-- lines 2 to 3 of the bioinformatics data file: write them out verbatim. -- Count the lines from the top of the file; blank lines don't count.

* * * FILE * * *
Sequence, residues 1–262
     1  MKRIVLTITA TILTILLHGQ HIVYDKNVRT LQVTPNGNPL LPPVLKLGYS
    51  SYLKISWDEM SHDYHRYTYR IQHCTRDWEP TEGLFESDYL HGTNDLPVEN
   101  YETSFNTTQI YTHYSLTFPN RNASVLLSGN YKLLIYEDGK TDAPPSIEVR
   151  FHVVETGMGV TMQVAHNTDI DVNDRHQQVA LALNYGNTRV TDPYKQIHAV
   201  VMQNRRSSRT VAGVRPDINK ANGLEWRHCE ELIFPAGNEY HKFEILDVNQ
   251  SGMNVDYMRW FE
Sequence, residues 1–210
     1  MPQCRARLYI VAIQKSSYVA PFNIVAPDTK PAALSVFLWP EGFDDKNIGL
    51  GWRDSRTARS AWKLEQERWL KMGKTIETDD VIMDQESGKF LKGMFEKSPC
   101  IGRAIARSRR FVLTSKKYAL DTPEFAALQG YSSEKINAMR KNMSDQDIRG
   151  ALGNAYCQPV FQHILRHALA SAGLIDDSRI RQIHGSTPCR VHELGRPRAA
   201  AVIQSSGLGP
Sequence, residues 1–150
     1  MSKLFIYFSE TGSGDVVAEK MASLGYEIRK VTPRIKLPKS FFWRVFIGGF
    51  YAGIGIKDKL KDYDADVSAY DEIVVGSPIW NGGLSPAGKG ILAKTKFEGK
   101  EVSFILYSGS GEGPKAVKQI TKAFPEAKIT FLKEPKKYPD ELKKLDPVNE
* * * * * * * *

     1  MKRIVLTITA TILTILLHGQ HIVYDKNVRT LQVTPNGNPL LPPVLKLGYS
    51  SYLKISWDEM SHDYHRYTYR IQHCTRDWEP TEGLFESDYL HGTNDLPVEN